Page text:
Color, 1988, 92 mins. 31 secs.
Directed by Ralph L. Thomas
Starring Donald Sutherland, Chad Lowe, MIa Sara, Rutanya Alda, Eddie Jones, Knut Husebø, Adrian Sparks
Arrow Video (Blu-ray) (UK RB HD) / WS (1.85:1: (16:9)

An Apprentice to Murderunusual Norwegian production marketing Apprentice to Murderas a horror film or a suspense thriller but actually something a lot more slippery and restrained, Apprentice to Murder is a prime example of how a drab title can prevent a film from finding its target audience. Elements of religious conflict, superstition, and rural strife mingle here with elements of folk horror, though that last part doesn't really kick in until the last half hour. Up until that point it's more of a peculiar character study

Purporting to be inspired by a true story, the film details the sinister events in 1927 Pennsylvania when young, illiterate tannery mill worker Billy Kelly (Lowe) ends up seeking help for a nasty cheek wound from John Reese (Sutherland), an herbalist and "Powwow" folk magic healer. Impressed by the boy's drawing ability, John offers some powder to help cure his alcoholic father, which causes a violent reaction but ultimately does the trick. Soon Billy is getting reading lessons from John despite the warnings from his coworker and possible girlfriend, Alice (Sara), that there's something odd about the healer. All seems relatively well until John is hauled off by the police for practicing medicine without a license (which may have caused the death of a young girl), but his speedy release again ties the two men together for a self-appointed mission of spiritual warfare against what John claims is responsible for a pestilence plaguing one of the nearby farms.

Apprentice to MurderUnderstandably difficult to promote, Apprentice to Murder was mostly buried theatrically by New World Pictures (who was distracted around the same time by Apprentice to MurderHeathers, Slugs, and Hellbound: Hellrasier II), though it did enjoy a solid life on VHS and laserdisc around the turn of the decade. Had it been marketed as more of an art film it likely would have done better given the caliber of talent here, from director Ralph L. Thomas (who helmed the excellent and now sadly buried Ticket to Heaven) to co-screenwriter Allan Scott, who penned three films for Nicolas Roeg (The Witches, Cold Heaven, and most famously Don't Look Now, also starring Sutherland). The actors all do fine work here with the always interesting Sara making the most of a fairly thankless role, and Sutherland (who's very engaged here, contrary to some naysayers) and Lowe actually working up some interesting chemistry. The film will likely frustrate many viewers as it plays out ambiguously all the way to the end, leaving just enough room open for the viewer to decide whether anything beyond this mortal realm might be at play in some of the events in the film. The least satisfying element is easily the score by Charles Gross, a talented composer (as Blue Sunshine easily proves) who comes up with some interesting melodies here but sabotages them with awkward, rinky-dink synthesizer arrangements that feel terribly out of place. That debit aside, it's a curious and haunting little film worth giving a shot as long as your genre expectations are in check.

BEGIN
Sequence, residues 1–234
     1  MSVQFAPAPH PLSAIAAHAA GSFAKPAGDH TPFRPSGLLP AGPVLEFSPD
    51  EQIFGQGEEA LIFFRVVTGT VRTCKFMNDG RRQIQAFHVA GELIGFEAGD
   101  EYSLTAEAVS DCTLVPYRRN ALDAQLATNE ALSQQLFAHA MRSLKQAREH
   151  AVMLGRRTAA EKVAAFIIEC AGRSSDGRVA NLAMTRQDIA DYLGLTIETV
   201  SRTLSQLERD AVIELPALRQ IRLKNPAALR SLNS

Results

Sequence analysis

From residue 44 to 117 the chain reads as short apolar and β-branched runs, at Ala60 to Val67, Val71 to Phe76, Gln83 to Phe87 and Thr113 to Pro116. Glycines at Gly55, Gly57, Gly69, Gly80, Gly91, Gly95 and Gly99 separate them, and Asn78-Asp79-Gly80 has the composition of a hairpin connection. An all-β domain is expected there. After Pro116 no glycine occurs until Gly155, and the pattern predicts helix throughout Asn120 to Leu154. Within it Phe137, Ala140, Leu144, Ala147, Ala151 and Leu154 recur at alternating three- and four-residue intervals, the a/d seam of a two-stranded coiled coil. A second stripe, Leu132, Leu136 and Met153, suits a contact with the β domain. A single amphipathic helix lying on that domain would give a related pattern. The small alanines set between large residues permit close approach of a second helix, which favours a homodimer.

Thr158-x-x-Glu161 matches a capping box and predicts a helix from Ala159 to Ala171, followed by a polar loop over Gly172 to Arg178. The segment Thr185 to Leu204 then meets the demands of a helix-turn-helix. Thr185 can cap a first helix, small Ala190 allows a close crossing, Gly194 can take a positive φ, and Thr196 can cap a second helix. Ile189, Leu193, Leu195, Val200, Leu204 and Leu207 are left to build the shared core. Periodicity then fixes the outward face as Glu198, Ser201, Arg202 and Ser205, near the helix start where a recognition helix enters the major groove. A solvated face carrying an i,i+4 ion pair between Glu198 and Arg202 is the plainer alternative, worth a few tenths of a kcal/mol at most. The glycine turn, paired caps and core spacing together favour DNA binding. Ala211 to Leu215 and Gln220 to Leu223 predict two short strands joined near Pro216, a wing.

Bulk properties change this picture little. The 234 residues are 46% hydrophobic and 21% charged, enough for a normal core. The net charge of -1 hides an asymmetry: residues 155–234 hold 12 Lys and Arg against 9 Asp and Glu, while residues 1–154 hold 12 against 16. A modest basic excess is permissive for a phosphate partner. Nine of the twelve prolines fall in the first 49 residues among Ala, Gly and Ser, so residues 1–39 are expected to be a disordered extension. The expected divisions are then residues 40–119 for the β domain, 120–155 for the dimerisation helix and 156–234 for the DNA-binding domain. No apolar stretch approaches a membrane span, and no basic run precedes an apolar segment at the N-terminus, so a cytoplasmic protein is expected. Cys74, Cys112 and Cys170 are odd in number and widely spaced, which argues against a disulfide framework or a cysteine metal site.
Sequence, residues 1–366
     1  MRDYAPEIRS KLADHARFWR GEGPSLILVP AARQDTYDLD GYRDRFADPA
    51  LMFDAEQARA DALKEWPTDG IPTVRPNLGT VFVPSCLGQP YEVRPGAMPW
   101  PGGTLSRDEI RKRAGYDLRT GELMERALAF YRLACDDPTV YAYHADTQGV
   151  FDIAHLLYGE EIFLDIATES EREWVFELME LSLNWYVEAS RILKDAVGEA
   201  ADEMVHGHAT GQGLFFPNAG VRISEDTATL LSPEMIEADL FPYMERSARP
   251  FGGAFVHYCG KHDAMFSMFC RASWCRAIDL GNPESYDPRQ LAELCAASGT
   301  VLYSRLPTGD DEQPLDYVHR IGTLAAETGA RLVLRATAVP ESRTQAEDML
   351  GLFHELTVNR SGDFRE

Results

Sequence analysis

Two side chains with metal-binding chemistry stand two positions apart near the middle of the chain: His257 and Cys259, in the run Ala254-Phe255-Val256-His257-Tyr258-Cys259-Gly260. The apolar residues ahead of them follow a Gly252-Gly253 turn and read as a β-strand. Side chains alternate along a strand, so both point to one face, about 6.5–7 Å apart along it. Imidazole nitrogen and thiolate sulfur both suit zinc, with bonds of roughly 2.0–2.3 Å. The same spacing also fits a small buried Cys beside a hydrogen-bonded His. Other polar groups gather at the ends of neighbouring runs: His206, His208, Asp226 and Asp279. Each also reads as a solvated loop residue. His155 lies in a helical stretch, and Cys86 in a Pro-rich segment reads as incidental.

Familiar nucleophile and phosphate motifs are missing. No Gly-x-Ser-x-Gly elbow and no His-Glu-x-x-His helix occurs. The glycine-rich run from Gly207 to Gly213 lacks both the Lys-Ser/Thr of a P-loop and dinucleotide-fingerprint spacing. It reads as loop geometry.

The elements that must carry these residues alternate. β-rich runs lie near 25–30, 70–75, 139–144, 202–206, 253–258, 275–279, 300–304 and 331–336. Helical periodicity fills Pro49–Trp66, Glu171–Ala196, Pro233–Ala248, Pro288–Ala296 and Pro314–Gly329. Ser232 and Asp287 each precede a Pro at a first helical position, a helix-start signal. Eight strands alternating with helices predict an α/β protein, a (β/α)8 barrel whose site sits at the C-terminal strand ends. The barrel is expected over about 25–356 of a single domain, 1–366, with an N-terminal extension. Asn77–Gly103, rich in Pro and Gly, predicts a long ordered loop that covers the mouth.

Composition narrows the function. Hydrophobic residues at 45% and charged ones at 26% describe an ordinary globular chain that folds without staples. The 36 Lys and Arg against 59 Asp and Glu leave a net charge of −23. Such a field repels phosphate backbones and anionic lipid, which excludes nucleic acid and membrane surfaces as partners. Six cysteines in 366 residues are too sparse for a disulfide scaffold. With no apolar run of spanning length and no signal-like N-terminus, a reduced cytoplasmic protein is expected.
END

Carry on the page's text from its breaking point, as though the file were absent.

In 2018, the film made its Blu-ray debut in the U.K. from Arrow Video sporting a new 2K transfer from an interpositive, easily undoing the damage of years of gray market releases. Apprentice to MurderThe film is quite striking when seen in good quality with its painterly landscape shots in particular faring well here, and some sparing expressionistic flourishes in the third act (such as Sutherland's Apprentice to Murderdemonic face-off in a red-lit room) pack a nice wallop now. The DTS-HD MA English 2.0 track sounds fine but remains a very simple mix in keeping with most New World titles of the time. Optional English SDH subtitles are also provided. A new audio commentary by author and critic Bryan Reesman is very worthwhile and fascinating, adopting a friendly tone to tie together of number of disparate elements like Pretty Little Liars, the Bluetooth symbol, and modern Wiccan practices while rattling off tons of trivia about the participants and production. Especially good is the final 30 minutes when he really bites into the true story that inspired the film, explaining how and why it diverges so dramatically at this point in the narrative. In "Original Sin" (15m29s), Diabolique's Kat Ellinger offers a sketch of how religious mania threads throughout horror literature and cinema from Dracula through the likes of The Exorcist, The Night of the Hunter, The Centerfold Girls, and The Devil Rides Out, while cinematographer Kelvin Pike appears for "Colour Me Kelvin" (9m7s), discussing the pros and cons of shooting in Norway and the professional connections that landed him the job. Finally, "Grantham to Bergen" (7m22s) features makeup artist Robin Grantham discussing the demands of his job including the creation of makeup appliances like Lowe's nasty wound under his eye. Finally you get a theatrical trailer that bends over backwards to remind you of The Exorcist and spoils most of the climax. The packaging features reversible sleeve options (the original poster art or a new design by Haunt Love) and, in the first pressing only, an insert booklet with new liner notes by Paul Corupe.

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Reviewed on August 2, 2018.